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Fire Ecology, 2009
Volume 5, Issue 2

Quantifying Char in Postfire Woody Detritus Inventories
Authors: Daniel C. Donato, John L. Campbell, Joseph B. Fontaine, and Beverly E. Law
Pages: 104-115
DOI: 10.4996/fireecology.0502104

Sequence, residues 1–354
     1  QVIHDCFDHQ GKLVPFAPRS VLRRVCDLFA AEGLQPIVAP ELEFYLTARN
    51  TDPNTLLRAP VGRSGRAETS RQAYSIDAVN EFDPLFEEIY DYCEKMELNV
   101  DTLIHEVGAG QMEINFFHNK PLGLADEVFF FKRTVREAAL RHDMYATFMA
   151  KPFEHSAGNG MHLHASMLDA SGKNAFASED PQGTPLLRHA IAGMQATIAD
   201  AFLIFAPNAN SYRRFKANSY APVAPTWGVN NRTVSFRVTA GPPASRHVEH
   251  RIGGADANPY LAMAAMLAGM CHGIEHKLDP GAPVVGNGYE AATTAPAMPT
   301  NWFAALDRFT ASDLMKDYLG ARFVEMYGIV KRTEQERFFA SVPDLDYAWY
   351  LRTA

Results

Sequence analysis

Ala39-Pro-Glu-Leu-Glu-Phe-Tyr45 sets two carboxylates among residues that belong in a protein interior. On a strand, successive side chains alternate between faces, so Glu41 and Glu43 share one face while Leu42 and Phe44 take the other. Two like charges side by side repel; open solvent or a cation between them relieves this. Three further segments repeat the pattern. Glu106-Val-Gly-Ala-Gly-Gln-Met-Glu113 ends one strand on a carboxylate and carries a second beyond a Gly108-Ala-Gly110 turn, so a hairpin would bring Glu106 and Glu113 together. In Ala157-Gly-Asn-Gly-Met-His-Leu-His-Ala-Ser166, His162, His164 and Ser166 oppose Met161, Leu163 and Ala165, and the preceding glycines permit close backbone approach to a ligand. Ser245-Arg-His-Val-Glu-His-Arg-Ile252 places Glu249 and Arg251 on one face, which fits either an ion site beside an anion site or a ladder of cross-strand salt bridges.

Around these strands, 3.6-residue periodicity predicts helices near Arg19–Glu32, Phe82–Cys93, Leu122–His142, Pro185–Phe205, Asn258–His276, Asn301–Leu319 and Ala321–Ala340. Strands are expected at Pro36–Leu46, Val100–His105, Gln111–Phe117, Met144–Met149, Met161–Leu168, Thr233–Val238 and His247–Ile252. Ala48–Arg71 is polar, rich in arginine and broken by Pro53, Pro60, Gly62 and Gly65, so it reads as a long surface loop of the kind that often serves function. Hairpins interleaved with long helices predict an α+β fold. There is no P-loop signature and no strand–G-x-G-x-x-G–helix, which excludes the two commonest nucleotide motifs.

Charred biomass generated by wildland fire has attracted increased interest as a functional component of terrestrial ecosystems. Black carbon (C) in the form of char is a widespread but unique material contributing to biogeochemical processes including long-term carbon storage and soil productivity. These functions have long been recognized by the biogeochemical and soil sciences, but have so far received little attention from wildland fire science. Fire scientists conducting postfire biomass (or fuel) inventories have an opportunity to quantify the formation of char on woody material, which is important to quantifying interactions between fire and global C dynamics. In addition, failure to account for mass loss due to charring can result in overestimation of down wood biomass and decomposition (12 % to 233 % for particles up to 20 cm diameter). In this paper, we present computational methods that can be incorporated into standard planar intercept transects for estimating black C production and reducing overestimation bias for charred down woody detritus. Methodologies for quantifying black C production in other ecosystem pools are also discussed.

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